Protest: Racist lawmakers, inciting rabbis
Thousands of people gather at Tel Aviv's Rabin Square to mark International Human Rights Day, on backdrop of letter against renting flats to Arabs and war on infiltrators. They urge leaders to resign over Carmel fire failures. Some 100 Im Tirtzu members hold counter protest, say 'Jews have rights too'
Remebering Carmel disaster on Human Rights Day: Some 4,000 people arrived Friday at Rabin Square to attend an annual rally marking International Human Rights Day.
B'Tselem, Peace Now and Greenpeace activists carried pictures of Interior Minister Eli Yishai, Finance Minister Yuval Steinitz, Defense Minister Ehud Barak and Prime Minister Benjamin Netanyahu with the slogan, "Don't investigate – resign!" following State Comptroller Micha Lindenstrauss' scathing report on the situation of Israel's firefighting services.
Hundreds of refugees participated in the march as well. They carried signs reading, "No peace without human rights", "Forests burning? Climate change is already here", and "I have the right to live in peace".
Amongst those who voiced their opinion during the main assembly were President of the New Israel Fund Naomi Chazan and President of the Association for Civil Rights in Israel Sami Michael.
Michael said that "the state captains have neglected human being and trees. Leaders who arm an advanced army and neglect the home front are suspicious leaders in our eyes, for they focus on aggression and not defending their people. We and our children will watch everything you do very closely."
'Don't shut us up'
Former Knesset Member Naomi Chazan (Meretz) said during the rally that "the past year was not an easy one for human rights and human rights organizations in Israel."
Chazan added that "this year the lawmaker has lost every restraint in a flood of racist, degrading and cruel legislation. Rabbis, who are civil servants, have chosen to incite against the other, instead of educating about values and the love of man."
She thanked the participants, saying that "you are the ones who remind us that when we see discrimination and injustice, the important thing is not to shut up. We won't shut up until Israel becomes a real democracy which honors others and cares for the weak ones. We won't shut up in light of the growing racism and violence in the Israeli society."
The assembly host, actress Einat Weizman, read aloud a letter written by Eli Zviely, a man who received threat letters after renting his Safed apartment to Arabs. Zviely had written that he will "continue to preserve his rights and human rights in general".
Weizman also read a letter sent by Abdallah Abu-Rahma, who was arrested for organizing the protests at the West Bank village of Bilin, near Ramallah. From prison he wrote, "The barriers, land theft and violent oppression are the true causes inciting violence."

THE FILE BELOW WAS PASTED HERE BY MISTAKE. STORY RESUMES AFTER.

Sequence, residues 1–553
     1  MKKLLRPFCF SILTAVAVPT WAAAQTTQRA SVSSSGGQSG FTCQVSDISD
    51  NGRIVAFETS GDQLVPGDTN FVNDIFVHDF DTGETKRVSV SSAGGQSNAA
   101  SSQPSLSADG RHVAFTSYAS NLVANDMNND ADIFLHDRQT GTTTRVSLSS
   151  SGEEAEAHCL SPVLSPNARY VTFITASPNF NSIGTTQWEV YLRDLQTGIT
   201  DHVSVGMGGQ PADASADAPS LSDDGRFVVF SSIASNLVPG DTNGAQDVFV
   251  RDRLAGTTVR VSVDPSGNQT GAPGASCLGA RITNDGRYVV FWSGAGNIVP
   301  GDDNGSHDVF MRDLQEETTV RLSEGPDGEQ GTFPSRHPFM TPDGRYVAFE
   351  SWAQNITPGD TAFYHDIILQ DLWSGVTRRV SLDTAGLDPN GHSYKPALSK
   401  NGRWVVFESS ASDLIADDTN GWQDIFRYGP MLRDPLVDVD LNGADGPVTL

Advocator for Negev Bedouins rights Amal Elsana Alh’jooj said, "When we watch television and want to see what kind of light is projects – we see the rabbis' letter. We do want to live together, we want a future together… this country is for both of us, Arabs and Jews, and for the foreign workers here with us today. This march is important for what's going on at the Knesset… We respond immediately to anyone who thinks racism is the right thing."
'Leftists have no clue about democracy'
Some 100 activists of the right-wing Im Tirtzu movement held a counter protest, saying that "Jews have human right too" and "settlers have human rights too".
Kobi Kol from Tel Aviv said, "Left-wing organizations have no clue about true democracy. They protest for Palestinians, when actually we are the only democracy in the area. We will protect democracy."
Participants march to Rabin Square (Photo: Ben Kelmer)
Gil from Herzliya says he's secular but sees "nothing wrong about defining a nation state." He added: "We represent the majority of the Israeli public, but our voice isn't always heard. I am glad for this rally today."
Knesset Member Alex Miller (Yisrael Beiteinu) arrived to support the right-wing activists, saying that "human rights are for everybody, they shouldn't be split between Right and Left."
The purpose of the human rights march, now in its second year, is to protest against the occupation, social gaps, violence towards women and diminishing freedom of speech.
One of the participants, Eli Ziv, told Ynet, "I am here to advocate worker's rights, Arab and Bedouin rights. It's awful that refugees are considered a different kind of people in a country that considers it self to be democratic."
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